Phantom flyers to conjure up spectres of the future

PUBLISHED : Tuesday, 26 August, 2003, 12:00am
UPDATED : Tuesday, 26 August, 2003, 12:00am


Related topics

The magic words Phantom Works suggest an occult organisation devoted to conjuring up ghosts. Granted, just about every product biotechnology wizards make these days glows in the dark.

Eyesores that spring to mind range from the genetically modified rabbit known as Alba, TK-1 - the Frankenstein fish designed by Taiwan's Taikong Corporation - and, doubtless coming soon from some outfit even more whacked out than the Raelians, Starchild, the world's first bioluminescent human.

Technology has, however, yet to achieve that degree of sophistication. Unless you count vaporware (promised software that may or may not eventually emerge), concocting ghosts appears beyond the capabilities of science's leading lights - probably because your average ghost is not technically alive.

So what might the Phantom Works, which with Ethernet vies for the title of the spookiest term in the electronic field, actually be?

The answer of course is the whiz-bang headquarters of a huge company famous for its jumbo jets, whose very name is an anagram of 'big one', and which certainly does not need any free publicity even if it is in a steep nosedive. We are talking about Boeing, of course.

The counterpart to Lockheed-Martin's Skunk Works, the Phantom Works, was founded in 1986 and is responsible for some of the most commanding machines ever to take to the skies. The Phantom Works website ( boasts particularly about an invention which comes across as the best since the Wright brothers launched a glider from North Carolina's Kill Devil Hills in 1900: the Pelican ULTRA large transport aircraft.

The choice of name may seem peculiar since the bird in question is noted for its marine plunge-dive manoeuvre. That said, the craft does reflect another of the creature's attributes which, if more is more, ranks as positive: its size. Designed to carry 1,400 tonnes over 16,000 kilometres, the Pelican will be longer than a football field with a wingspan of about 500 feet (150 metres). The wing-surface area will cover more than an acre (exceeding 4,000 square metres).

For lovers of gee-whiz statistics, the Pelican's dimensions may seem like justification enough for the big bird's existence. Naturally, however, this machine does have a purpose other than cutting a presence, which will come as no surprise: abetting slaughter.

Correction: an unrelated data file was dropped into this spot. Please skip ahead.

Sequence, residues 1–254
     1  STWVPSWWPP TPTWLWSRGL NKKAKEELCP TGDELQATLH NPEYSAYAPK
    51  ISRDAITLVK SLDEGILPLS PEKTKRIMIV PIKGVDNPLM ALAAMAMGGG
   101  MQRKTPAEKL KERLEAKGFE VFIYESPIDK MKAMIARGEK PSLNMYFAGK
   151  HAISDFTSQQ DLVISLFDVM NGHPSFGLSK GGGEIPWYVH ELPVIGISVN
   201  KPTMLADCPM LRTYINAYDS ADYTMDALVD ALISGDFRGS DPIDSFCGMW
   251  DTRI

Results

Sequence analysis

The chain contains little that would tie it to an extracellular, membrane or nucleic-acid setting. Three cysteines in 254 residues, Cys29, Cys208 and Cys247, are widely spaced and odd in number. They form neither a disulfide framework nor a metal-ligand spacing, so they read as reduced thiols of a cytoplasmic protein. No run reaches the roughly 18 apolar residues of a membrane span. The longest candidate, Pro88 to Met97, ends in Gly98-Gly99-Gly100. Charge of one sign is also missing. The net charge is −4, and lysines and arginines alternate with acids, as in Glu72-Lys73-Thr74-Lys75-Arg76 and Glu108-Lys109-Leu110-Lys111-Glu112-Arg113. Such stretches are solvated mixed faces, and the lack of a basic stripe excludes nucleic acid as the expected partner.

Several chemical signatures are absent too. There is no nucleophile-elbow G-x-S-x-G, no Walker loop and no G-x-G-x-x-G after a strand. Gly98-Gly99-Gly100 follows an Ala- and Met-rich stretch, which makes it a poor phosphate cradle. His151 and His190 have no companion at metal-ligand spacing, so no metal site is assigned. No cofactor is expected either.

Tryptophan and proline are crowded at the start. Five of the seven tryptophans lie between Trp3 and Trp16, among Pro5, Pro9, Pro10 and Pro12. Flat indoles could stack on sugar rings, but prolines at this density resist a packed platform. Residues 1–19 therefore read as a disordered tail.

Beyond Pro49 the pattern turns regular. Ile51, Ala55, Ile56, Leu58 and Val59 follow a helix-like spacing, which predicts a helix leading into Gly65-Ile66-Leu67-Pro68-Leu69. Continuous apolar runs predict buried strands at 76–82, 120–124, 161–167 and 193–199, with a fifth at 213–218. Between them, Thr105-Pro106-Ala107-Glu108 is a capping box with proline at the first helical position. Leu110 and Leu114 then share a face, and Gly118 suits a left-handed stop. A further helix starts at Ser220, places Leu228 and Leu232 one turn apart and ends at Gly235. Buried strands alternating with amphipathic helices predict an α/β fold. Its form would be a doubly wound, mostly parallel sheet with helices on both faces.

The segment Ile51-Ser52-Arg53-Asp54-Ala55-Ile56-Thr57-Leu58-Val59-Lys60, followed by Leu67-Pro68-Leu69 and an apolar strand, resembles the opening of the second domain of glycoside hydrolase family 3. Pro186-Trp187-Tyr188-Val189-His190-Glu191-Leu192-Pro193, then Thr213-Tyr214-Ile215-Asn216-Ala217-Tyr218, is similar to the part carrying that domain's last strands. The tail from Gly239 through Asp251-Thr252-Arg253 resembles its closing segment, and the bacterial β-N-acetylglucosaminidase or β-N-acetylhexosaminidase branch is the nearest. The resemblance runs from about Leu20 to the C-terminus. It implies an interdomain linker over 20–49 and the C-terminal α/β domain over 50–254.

The Pelican ULTRA will supposedly be capable of carrying 17 M-1 battle tanks on a single mission at speeds 10 times those of container ships. Designing aeroplanes on this Incredible Hulk scale requires more than a handful of geeks equipped with pneumatic screwdrivers, drive and vision.

In fact, it takes a whole division: 4,000 staff working across the United States on almost 500 advanced technology projects. Boeing highlights the development of 3-D modelling tools which supposedly cut design cycle times and costs in half.

Other projects even less people-friendly include new kinds of Unmanned Combat Air Vehicles (UCAVs), alleged flying laser cannons, and the so-called Super Frog, which can hop onto a landing strip about the size of a lily pad.

Apparently unsatisfied with its latest array of terror toys, Boeing modestly plans to 'invent the future'.

In the next two decades, Boeing will manufacture a new generation of lightning-fast X-planes. These aircraft, whose name invokes visions of Mulder and Scully from the X-Files and Marvel mutants, will look appropriately strange: a cross between a hammerhead shark and a stealth jet.

Such visually striking machines are complemented by all manner of Boeing inventions which all come under the rubric of 'black'. That is, like Area 51, they officially do not exist. They are as elusive as, well, phantoms.

Confused by computer jargon? E-mail [email protected] with your questions